Energy Futures Initiative (EFI) CEO Ernest Moniz spoke with Maroš Šefčovič (vice-president for Interinstitutional Relations and Foresight at the European Commission) about improving energy security within U.S.-European relations during a Center for Strategic and International Studies (CSIS) event on February 15, 2023. Moderated by the CSIS Director of the Energy Security and Climate Change Program Joseph Majkut, they explored how to develop mutually beneficial clean energy and clean technology supply chains without sacrificing trans-Atlantic cooperation.
The Bipartisan Infrastructure Law, CHIPS and Science Act, and the Inflation Reduction Act (IRA) have precipitated a major shift in climate-related industrial policy in the United States in only a few years. While many in Europe welcome increased support for the clean energy transition, they worry that the legislation—especially the IRA—could disadvantage European-based companies because they contain subsidies that incentivize manufacturing clean energy technology in the United States. European politicians have expressed that the IRA could push European companies to relocate to the United States or prioritize investment in the United States at Europe’s expense.
Moniz discussed how these concerns could be addressed going forward, saying that the IRA had jumpstarted productive conversations about policies for strengthening supply chains and fostering economic growth in ways that are mutually beneficial for the United States and Europe.
“[The IRA] was essential for the United States to be moving forward with a sharp [energy] transition,” Moniz claimed. “This has started the conversation on both sides…that will provide a foundation for us to be able to come together and talk about good hygiene [for] supply chains in the future and collective responses. I think that we are going through a necessary phase on both sides of the Atlantic to have that conversation.”
He added that for ambitious climate legislation in the United States and Europe, its implementation is just as important—if not more important—than the legislation itself.
“It’s all about implementation on both sides,” Moniz said. “We’ve got the legislation to do it. You have the beginning of planning the discussion, but on both sides, implementation does not follow automatically.”
Šefčovič expanded upon Moniz’s point about the IRA’s implementation, saying that the United States and Europe should work together instead of leveraging policy as a means of pursuing each region’s own self-interest. “Competition is good, but discrimination is not,” Šefčovič argued. “That’s what we need to pick out when talking about this issue.”
As part of the clean energy transition’s successful implementation, Moniz also focused on the long-term role that firm power sources, such as natural gas, should play. He underscored that natural gas will be “a central issue for the energy transition” in the first half of this century.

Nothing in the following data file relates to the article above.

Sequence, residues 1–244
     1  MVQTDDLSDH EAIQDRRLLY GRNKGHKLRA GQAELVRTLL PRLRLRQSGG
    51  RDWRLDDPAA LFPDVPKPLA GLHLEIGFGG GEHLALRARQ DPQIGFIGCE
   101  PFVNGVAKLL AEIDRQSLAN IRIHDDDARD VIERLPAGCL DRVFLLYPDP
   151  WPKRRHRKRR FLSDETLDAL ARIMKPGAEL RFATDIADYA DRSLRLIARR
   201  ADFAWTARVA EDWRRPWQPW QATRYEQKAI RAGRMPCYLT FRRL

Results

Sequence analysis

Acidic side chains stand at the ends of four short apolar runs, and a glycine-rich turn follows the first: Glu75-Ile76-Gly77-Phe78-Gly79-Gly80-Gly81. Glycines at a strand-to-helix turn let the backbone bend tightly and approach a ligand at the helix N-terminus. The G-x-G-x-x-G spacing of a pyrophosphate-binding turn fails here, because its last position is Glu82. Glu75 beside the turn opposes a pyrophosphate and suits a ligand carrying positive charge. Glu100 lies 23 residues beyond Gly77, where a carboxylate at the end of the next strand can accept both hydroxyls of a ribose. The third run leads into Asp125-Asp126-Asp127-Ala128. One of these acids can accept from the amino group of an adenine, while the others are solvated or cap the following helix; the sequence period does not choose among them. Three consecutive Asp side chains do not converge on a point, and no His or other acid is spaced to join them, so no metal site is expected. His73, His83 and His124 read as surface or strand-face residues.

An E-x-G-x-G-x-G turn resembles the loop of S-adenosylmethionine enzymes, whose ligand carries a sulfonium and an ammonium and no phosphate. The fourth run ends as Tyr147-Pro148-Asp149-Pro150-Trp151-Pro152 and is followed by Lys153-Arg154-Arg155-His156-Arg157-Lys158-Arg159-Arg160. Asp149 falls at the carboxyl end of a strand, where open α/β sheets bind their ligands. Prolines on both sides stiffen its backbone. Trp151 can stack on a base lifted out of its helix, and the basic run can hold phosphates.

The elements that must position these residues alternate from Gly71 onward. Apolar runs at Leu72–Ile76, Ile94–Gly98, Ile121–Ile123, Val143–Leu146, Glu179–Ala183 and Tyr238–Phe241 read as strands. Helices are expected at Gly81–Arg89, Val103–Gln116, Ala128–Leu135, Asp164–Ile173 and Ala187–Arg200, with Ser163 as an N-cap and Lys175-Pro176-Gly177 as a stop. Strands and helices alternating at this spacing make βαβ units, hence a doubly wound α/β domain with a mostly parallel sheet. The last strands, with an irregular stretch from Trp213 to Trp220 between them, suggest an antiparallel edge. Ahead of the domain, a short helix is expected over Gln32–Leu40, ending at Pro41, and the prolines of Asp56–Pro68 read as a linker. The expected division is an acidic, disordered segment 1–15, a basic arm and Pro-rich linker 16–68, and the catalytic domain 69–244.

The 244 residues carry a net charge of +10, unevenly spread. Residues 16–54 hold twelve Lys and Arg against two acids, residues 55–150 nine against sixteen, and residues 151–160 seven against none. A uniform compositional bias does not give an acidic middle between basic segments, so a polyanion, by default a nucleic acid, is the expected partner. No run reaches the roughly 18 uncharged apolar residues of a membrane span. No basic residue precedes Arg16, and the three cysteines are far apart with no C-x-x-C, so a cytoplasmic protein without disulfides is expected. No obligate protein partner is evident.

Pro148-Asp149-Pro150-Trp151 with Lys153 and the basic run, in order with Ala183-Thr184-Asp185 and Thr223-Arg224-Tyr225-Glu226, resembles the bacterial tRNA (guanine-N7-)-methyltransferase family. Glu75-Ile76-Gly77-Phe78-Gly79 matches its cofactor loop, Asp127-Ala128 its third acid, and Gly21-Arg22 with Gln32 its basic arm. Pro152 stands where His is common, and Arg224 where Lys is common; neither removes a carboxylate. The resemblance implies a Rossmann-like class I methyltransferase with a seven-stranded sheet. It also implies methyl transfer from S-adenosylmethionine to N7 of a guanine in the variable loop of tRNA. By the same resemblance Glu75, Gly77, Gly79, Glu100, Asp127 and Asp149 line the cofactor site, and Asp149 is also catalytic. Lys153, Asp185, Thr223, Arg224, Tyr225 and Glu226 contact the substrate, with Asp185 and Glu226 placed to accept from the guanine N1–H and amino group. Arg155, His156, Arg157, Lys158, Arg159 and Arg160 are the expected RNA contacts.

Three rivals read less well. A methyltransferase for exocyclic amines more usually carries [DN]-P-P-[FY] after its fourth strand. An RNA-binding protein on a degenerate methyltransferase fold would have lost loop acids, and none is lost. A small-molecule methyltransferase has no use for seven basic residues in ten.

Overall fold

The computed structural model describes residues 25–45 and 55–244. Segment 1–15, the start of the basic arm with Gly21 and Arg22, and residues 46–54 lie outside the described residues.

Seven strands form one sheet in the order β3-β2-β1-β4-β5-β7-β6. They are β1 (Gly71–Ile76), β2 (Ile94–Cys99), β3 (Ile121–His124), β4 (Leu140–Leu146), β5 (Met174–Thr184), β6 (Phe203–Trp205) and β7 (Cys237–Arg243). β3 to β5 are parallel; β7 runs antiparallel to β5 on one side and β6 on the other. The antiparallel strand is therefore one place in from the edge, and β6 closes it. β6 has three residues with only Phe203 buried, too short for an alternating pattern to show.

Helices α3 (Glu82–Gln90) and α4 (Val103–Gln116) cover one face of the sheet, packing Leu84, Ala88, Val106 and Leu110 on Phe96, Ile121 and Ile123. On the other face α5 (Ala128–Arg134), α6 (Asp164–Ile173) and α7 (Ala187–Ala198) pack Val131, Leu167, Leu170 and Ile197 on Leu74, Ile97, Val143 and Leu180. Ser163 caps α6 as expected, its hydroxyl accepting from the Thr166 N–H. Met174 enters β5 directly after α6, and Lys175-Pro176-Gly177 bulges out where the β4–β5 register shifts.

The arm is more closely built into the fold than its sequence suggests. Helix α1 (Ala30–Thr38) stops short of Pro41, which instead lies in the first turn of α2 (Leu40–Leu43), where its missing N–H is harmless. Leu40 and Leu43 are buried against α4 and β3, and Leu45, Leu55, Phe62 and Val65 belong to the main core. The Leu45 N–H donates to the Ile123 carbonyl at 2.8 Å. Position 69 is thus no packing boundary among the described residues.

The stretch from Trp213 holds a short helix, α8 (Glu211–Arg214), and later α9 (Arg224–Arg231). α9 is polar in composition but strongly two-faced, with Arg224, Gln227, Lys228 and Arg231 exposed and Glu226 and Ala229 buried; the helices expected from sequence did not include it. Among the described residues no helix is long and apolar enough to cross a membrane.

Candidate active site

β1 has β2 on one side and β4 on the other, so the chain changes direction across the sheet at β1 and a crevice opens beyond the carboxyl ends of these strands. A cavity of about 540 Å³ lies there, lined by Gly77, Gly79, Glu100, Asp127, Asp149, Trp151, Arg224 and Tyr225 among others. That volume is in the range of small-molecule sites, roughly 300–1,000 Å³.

“Natural gas is not just being viewed as a 10-year long-term contract. It is being viewed as a multidecadal critical component of the energy transition. And frankly, I have not heard such a clarion statement,” Moniz said. “It’s not good enough for us just to talk about how great it’s going to be in 2050 or 2060. We have to talk about how to get there.”
Moniz and Šefčovič also agreed on the need to expand nuclear energy production to advance the energy transition. Moniz said we need “to get nuclear into the dictionary.”
Šefčovič explained that recent challenges with energy production—through hydropower and wind—have initiated a “nuclear renaissance in Europe.” “There is a big interest for small modular nuclear reactors, which might be an important source of energy in the future. We are all working together on fusion, which hopefully will bring us clean energy in the future,” Šefčovič elaborated. “I would say that we are reexamining all the postulates of energy policies of the past.”
The situation in Ukraine was also a recurring theme in the discussion. Moniz emphasized that the situation shows how energy markets are inextricably tied to climate change, geopolitical instability, and social justice and equity concerns. Moniz highlighted this reality during Columbia’s Global Energy Summit and in an opinion piece for The Boston Globe.
“One of the few silver linings we’re seeing… I think, [is] the idea that energy security, climate, geopolitics, and social equity are one conversation,” Moniz stated. “We cannot solve any of them without addressing all of them.”
– Georgia Lyon, Communications Associate
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